Trust for Life breaks state, national records for participation

Among the many designations for the month of February, it also recognizes National Organ Donor Day on Feb. 14. This week, an organ recipient and an organ donor have shared their stories. In this final installment of a three-part series, some facts about the state's Trust for Life program are highlighted.

Kentucky is known for its welcoming and generous people.

But even more important is the generosity shown by the thousands of people who participate in the Kentucky Organ Donor program.

For the last two years, Kentuckians have supported the Trust for Life program with record-breaking response.

In 2017, Kentucky reached the second highest number of lives saved through the 108 organ donors and their families in which 361 organs were recovered and transplanted while 330 tissue donors healed thousands of patients needing skin grafts and other medical services.

But the latest numbers of organ and tissue donors increased even higher last year, with 140,000 people joining the registry for the first time in 2018. (Northern Kentucky Tribune). The latest numbers indicate that 60 percent of Kentuckians are now registered donors.

Working with the Kentucky Organ Donor Affiliates, the Trust for Life program heroes lifesaving organ donations and living organ and tissue donors. According to numbers released by the Kentucky Circuit Clerks Association, 423 organ transplants were performed last year from 134 organ donors. This is the highest number of organ donors and transplants in the Trust for Life's 32-year history.

But tissue donors also played a key role in saving lives last year. An article in the Northern Kentucky Tribune also states that 367 tissue donors helped over 30,000 people last year, with another 1,000 patients receiving the gift of sight through implantation of 845 cornea donors.

Roger Schott, Laurel Circuit Clerk, said Laurel Countians have been quite supportive of the Trust for Life program, with over 22,000 people donating $1 and/or joining the registry as an organ and tissue donor.

In fact, Laurel County ranks in the upper levels of tissue and organ donation support. Shannon Adkins with the Kentucky Trust for Life program said that Laurel County lists 56 percent of residents of age 16 and older on the organ donor registry, placing it in the 52nd spot of Kentucky's 120 counties. The hundreds who agreed to donate $1 for the Trust for Life program sent Laurel County to the 34th spot of its 120 counties with an average of 55 percent of those visiting the Laurel County office participating in the financial donations.

Financial donations assist with community education about the Trust for Life program, which includes school and community programs and training. The Kentucky Trust for Life is a 501c(3) non-profit organization that encourages Kentuckians to donate organs and tissue to save lives.

This tissue and organ donor program was established in 1992. Since the circuit clerk's office issues driver's licenses, the Trust for Life program is operated through their offices and allows those office workers to ask everyone who is receiving or renewing their licenses to donate $1 in support of organ donation. Since 1993, the circuit clerks across the state have collected more than $6 million from licensed drivers - $1 at a time. (Kentucky Circuit Court Clerks Trust for Life,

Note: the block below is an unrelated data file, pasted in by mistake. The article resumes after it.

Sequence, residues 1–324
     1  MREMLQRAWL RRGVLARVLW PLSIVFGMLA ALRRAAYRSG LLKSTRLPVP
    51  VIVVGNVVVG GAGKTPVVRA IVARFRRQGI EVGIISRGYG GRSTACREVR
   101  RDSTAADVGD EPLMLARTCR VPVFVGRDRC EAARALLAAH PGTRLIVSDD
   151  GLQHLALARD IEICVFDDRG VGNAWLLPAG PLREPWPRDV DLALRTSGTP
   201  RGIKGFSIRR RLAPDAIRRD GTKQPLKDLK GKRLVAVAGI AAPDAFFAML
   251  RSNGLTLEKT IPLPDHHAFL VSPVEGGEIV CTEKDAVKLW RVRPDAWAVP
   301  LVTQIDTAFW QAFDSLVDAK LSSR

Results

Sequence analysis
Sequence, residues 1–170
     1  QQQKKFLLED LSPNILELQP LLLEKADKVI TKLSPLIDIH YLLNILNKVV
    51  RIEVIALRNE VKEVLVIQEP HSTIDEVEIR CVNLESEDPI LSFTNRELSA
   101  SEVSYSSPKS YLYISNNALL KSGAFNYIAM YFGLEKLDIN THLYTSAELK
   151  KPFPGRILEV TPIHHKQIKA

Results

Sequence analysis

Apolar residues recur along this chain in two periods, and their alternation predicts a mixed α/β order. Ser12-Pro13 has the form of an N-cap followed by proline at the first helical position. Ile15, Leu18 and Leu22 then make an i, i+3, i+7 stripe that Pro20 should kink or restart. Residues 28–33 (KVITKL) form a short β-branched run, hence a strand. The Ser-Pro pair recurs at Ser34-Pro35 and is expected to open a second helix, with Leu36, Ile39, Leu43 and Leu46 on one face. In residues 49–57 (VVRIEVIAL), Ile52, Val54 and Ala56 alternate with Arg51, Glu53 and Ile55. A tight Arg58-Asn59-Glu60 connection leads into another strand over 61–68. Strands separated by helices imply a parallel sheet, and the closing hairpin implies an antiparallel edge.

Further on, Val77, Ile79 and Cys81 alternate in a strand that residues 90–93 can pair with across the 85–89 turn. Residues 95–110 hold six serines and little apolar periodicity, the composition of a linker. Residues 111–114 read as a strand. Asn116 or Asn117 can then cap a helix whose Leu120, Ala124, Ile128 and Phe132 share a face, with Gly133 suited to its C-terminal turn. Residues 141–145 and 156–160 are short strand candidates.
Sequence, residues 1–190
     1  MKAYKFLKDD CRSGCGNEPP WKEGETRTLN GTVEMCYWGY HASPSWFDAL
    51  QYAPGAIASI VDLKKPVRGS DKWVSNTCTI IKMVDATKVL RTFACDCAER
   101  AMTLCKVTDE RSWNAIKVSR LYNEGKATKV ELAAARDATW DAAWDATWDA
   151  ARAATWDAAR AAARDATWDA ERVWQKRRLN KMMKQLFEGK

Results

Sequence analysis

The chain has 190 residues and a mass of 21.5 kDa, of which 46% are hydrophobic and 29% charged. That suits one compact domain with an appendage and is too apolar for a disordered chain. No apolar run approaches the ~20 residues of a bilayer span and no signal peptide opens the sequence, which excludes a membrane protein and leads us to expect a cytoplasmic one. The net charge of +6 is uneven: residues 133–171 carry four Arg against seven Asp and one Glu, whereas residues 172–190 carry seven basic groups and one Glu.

That website states that more than 102,000 Americans - including approximately 740 Kentuckians, are on the national waiting list for organ transplants. A new name is added to that list every 14 minutes - but an average of 18 people die each day while awaiting an organ transplant.

There are many misconceptions about organ and tissue donations. Here are some facts from the KODA (Kentucky Organ Donor Affiliates) website:


Organ donation may occur in brain death situations, allowing a person to donate kidneys, lungs, heart, liver, pancreas and small bowel. An individual must be maintained on a respirator so that the organs remain viable for transplantation.


Those who are declared brain dead are eligible to donate organs. Medical suitability is determined in each individual case, so no one should rule themselves out. Out of all deaths that occur in the U. S. annually, approximately 1% progress to brain death.


• Heart

• Kidneys

• Liver

• Lungs

• Pancreas

• Small Bowel


• The total irreversible cessation of ALL brain activity, including cerebellum, cerebrum and the brain stem;

• An established medical and legal diagnosis of death, defined by Harvard criteria;

• Brain Death IS Death.


• A patient is treated for a severe injury to the brain

• Despite all medical efforts, the patient's brain swells and cuts off its own oxygen supply.

• Without blood and oxygen flow, all brain tissue dies within a few minutes.

• Tests and examinations to confirm brain death are performed:

◦ The patient shows a total lack of specific responses and reflexes when a clinical exam is performed;

◦ Testing confirms that brain death has occurred (an EEG shows no electrical activity in the brain) or a cerebral blood flow scan shows a total absence of blood flow to the brain.

• Artificial support systems may maintain functions such as heartbeat and respiration for a few days - not permanently.

• The patient's family is informed of their loved one's death and the option of organ and tissue donation is offered.

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